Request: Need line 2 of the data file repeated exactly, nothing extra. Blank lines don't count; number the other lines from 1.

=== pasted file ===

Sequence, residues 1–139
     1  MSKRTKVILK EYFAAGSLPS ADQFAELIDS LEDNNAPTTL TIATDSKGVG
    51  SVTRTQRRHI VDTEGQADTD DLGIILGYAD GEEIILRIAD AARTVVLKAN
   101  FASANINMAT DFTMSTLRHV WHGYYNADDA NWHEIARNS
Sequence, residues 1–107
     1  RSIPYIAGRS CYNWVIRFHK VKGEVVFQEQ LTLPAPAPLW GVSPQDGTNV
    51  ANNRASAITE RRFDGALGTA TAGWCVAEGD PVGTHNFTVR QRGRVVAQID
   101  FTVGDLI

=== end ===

     1  MSKRTKVILK EYFAAGSLPS ADQFAELIDS LEDNNAPTTL TIATDSKGVG